Dijana Markovic Hajdarhodzic: Learning about ‘the other’ is what makes us richer every day.

SCELTELTForum.sk, eltforum.sk 2013, Interviews, Main, Teacher Training

An interview with eltforum.sk presenter: Dijana Markovic Hajdarhodzic

 An Interview by Martina Bednáriková

Can teachers, English teachers, really change their worlds? Is there something more that we might be called to do in our chosen profession?  Dijana Markovic Hajdarhodzic of the Tuzla English Teachers’ Association in Bosnia and Herzegovina believes its our responsibility to actively create a civil society, one in which tolerance and identity are encouraged. She and Azra Muhedinovic have a workshop on the topic this weekend at the ELTForum in Bratislava. Dijana shared more of her vision and passion with us in this interview. 

SCET: How did you get involved with the Tuzla English Teachers’ Association and what do you do for the association?

Dijana: I have been involved from the very beginning as one of the initiators of the association’s. As a teacher and a teacher educator I am deeply involved in any project that TETA does. As a board member and as one of the two vice-presidents, I dedicate a large amount of my time to make sure everything runs smoothly in the organization.

SCET: What are TETA’s main goals?

Dijana: Teaching in general and English language teaching in particular should serve the purpose of creating a better world for new generations to live in, which is a great challenge in BiH. These new generations, or more specifically, our students, need to be taught to cooperate and communicate successfully with diverse cultures living in today’s global village. It is well known that students learn the best by positive example and in a surrounding free of any prejudice, where they can openly and safely express their own opinions. Teachers are the ones, beside family, who need to set such an example and create such a surrounding for young people in BiH today.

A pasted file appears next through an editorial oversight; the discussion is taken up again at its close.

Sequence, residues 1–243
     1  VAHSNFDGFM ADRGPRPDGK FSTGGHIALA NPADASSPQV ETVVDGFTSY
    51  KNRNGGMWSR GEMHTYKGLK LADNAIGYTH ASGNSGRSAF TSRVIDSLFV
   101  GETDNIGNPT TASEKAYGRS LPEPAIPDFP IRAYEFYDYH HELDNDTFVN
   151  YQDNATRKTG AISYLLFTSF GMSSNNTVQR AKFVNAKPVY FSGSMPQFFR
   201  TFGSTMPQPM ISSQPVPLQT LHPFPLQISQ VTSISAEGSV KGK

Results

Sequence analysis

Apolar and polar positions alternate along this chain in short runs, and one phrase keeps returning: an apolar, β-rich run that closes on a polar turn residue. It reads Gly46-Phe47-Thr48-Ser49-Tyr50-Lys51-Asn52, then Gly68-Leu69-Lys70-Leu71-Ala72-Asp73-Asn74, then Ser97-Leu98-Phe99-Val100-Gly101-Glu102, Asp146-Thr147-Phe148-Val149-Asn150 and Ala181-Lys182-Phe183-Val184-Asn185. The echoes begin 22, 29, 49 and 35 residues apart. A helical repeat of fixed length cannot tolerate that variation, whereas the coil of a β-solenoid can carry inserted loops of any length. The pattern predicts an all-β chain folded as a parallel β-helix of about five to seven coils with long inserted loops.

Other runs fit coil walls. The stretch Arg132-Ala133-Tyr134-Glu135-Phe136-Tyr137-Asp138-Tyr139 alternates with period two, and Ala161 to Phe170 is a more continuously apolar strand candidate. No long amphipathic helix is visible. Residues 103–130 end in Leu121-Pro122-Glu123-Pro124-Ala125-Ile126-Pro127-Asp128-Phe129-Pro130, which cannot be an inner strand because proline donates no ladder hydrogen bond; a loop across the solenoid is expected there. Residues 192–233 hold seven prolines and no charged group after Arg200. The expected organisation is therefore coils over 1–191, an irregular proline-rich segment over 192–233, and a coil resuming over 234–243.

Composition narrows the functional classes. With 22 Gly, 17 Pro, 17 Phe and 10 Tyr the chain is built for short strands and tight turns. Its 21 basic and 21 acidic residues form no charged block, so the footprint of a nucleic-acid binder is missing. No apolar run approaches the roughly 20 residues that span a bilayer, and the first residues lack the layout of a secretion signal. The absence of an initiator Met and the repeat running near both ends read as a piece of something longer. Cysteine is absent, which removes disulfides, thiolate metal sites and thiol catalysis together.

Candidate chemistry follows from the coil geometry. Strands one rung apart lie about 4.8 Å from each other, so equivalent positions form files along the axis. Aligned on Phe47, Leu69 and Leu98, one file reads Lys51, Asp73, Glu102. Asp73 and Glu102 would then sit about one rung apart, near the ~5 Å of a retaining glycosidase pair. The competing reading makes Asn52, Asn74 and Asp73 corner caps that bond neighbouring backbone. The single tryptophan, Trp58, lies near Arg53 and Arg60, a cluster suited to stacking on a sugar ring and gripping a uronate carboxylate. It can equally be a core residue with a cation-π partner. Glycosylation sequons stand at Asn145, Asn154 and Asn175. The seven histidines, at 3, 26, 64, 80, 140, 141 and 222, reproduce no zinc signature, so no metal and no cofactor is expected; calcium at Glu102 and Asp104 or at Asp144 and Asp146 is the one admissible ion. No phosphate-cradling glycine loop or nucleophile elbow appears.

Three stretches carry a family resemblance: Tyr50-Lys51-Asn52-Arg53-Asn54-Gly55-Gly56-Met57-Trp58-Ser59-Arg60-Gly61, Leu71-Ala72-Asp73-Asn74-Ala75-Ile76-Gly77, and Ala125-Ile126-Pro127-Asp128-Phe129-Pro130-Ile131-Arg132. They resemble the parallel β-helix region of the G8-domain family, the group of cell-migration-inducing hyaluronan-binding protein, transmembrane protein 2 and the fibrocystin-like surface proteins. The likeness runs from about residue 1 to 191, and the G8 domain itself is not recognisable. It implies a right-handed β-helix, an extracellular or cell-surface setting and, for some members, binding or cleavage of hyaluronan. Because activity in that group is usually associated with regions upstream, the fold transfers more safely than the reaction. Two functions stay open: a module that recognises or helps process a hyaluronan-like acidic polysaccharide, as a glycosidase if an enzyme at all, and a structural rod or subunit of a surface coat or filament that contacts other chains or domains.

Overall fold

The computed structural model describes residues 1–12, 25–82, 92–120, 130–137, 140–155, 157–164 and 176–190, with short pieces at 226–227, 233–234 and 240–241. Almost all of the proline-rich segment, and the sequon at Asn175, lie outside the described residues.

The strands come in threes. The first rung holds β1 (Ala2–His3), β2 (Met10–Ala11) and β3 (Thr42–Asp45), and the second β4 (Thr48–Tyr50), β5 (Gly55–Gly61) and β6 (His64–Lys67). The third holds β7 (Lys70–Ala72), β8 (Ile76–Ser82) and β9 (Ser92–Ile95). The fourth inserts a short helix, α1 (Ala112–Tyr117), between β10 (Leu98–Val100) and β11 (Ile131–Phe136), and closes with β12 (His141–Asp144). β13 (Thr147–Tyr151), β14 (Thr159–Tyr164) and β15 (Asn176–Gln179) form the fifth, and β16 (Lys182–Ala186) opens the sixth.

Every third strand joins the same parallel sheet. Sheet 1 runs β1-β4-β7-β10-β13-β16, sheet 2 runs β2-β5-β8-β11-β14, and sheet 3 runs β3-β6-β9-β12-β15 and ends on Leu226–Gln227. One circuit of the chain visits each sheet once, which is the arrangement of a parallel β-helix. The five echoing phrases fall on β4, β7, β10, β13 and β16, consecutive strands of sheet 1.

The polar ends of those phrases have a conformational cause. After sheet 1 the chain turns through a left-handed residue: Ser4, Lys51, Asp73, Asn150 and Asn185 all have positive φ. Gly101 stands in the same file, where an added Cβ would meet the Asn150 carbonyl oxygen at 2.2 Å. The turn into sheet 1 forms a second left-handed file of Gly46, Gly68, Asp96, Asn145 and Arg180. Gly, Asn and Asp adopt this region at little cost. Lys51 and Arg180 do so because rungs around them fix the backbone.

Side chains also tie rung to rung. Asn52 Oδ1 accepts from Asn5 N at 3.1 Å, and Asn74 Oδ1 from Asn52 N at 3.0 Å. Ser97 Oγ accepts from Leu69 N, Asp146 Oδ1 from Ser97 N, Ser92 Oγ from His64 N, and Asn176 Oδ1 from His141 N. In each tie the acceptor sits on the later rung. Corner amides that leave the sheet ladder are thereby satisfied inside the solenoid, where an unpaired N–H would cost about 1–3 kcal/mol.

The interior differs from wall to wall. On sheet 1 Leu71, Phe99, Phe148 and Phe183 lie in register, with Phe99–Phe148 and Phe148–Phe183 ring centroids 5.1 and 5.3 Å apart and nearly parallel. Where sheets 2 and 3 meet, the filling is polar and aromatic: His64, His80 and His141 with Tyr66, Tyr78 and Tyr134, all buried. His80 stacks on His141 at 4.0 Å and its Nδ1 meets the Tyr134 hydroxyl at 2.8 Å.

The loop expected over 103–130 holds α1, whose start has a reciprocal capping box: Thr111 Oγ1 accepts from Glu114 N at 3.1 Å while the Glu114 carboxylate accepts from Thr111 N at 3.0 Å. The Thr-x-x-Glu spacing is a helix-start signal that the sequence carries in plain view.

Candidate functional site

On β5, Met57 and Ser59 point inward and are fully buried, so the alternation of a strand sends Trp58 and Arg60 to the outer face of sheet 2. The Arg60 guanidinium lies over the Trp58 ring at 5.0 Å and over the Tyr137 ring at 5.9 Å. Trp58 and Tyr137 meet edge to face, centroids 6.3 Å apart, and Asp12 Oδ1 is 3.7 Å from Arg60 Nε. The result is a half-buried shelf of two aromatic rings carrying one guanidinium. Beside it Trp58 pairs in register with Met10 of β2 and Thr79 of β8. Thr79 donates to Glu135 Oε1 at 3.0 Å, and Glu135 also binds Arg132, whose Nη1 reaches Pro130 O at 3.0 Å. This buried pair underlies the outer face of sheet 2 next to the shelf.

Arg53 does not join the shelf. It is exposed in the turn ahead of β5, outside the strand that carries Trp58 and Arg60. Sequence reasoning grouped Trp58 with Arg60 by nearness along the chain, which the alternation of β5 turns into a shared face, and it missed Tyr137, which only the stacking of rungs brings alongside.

TETA’s goal is to set an example which other areas in our country might wish to follow in order to gradually build a network of English language teaching professionals in Bosnia & Herzegovina, with a view towards building an English Language Teachers’ Association for all of BiH.

SCET: Tell us about the project you’re working on now.

Dijana: TETA’s most recent project is ‘Cross-Entity and Inter-Ethnic English Language Teachers’ Cooperation’ supported by a grant from the US Embassy in Sarajevo, BiH. The culmination of this project is The 1st TETA International Conference in Tuzla on 15-16 June, 2013. The project goals we hope to achieve are:

  1. Establishing cross-entity, cross-ethnic professional cooperation of English language   teachers in BiH;
  2. Raising awareness of the importance of tolerance among academics of various ethnic and cultural backgrounds in BiH;
  3. Bringing together the English language teaching and academic community of all Bosnia & Herzegovina in order to improve the country’s educational system;
  4. Raising awareness of the importance of professional associations as a vehicle for continuing professional development;